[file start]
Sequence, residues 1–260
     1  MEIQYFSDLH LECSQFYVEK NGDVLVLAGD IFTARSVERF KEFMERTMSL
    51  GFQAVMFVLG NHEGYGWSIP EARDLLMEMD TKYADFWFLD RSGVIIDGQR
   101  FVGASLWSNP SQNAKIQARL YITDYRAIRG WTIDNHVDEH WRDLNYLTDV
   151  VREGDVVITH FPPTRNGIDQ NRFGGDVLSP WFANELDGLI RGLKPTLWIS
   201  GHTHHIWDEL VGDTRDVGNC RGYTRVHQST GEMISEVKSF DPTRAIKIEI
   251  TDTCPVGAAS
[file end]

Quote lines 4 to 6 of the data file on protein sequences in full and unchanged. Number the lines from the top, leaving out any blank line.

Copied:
   101  FVGASLWSNP SQNAKIQARL YITDYRAIRG WTIDNHVDEH WRDLNYLTDV
   151  VREGDVVITH FPPTRNGIDQ NRFGGDVLSP WFANELDGLI RGLKPTLWIS
   201  GHTHHIWDEL VGDTRDVGNC RGYTRVHQST GEMISEVKSF DPTRAIKIEI